Harold Brown, franchising activist

From the back inside cover:

Mr. Brown chose to write this book rather than a treatise because he felt strongly that what is needed to be said about franchising should not be obscured in scholarly terms. He is an activist with extensive trial experience in Anti-trust, tax, equity, labor, corporate and administrative proceedings, minority stakeholder derivative suits, mortgages, conveyances, wills, and trusts. In this age of specialists, he prefers to be known as a general practitioner.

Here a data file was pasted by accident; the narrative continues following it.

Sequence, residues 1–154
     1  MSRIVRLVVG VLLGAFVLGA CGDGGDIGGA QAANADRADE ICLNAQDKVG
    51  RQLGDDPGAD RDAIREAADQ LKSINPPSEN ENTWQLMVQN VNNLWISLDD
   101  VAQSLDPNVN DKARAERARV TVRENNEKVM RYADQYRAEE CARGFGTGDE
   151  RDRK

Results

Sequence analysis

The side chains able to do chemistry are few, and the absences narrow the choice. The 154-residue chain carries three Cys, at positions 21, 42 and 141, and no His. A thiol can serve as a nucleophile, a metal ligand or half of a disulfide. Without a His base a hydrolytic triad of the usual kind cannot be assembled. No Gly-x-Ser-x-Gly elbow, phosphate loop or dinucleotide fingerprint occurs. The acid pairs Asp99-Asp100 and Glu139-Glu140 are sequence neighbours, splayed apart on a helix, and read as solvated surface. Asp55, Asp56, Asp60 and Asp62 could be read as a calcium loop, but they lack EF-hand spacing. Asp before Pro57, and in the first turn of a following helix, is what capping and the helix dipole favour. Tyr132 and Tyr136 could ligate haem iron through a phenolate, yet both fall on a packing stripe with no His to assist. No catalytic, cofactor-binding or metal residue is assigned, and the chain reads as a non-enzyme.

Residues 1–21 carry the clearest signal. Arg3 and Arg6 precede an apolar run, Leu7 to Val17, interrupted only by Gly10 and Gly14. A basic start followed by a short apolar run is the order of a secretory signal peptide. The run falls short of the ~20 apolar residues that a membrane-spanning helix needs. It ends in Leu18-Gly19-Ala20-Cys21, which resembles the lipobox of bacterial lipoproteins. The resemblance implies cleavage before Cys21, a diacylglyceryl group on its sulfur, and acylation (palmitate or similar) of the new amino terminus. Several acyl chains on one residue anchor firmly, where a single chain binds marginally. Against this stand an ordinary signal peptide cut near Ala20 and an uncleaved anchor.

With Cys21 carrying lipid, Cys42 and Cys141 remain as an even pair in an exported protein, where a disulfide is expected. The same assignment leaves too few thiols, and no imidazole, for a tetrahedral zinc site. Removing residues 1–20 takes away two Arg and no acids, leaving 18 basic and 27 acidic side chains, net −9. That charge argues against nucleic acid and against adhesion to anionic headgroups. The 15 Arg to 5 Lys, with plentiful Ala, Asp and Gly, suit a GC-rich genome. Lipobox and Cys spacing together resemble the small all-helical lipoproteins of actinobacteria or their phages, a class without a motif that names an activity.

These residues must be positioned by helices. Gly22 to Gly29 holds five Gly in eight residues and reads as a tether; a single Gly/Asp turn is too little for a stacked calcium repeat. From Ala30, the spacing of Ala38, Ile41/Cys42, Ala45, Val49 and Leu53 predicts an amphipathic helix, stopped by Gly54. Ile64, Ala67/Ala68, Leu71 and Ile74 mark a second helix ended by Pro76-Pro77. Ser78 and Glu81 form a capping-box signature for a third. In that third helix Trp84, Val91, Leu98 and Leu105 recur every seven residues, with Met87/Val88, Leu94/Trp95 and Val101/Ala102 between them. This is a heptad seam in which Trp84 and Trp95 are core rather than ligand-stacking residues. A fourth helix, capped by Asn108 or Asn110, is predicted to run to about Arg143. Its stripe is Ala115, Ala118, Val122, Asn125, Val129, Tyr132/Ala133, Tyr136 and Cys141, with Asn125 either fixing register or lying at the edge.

Harold Brown graduated from Yale in 1936, magna cum laude in economics and three years later received his LL.B. from Harvard with honors in administrative law. In Washington, he served on the National War Labor Board and today is senior partner of Brown and Legihton in Boston. He was principally responsible for the passage of the Massachusetts “long-arm” statute and, as a member of the Civil Procedure Committee of the Boston Bar Association, has been working on a revision of the procedural code to be based on the Federal Rules of Civil Procedure. Mr. Brown participates regularly in legal workshops and is a frequent contributor to professional journals and periodicals.

Brown, Harold, Franchising: Trap for the Trusting, Little, Brown and Company, 1969.

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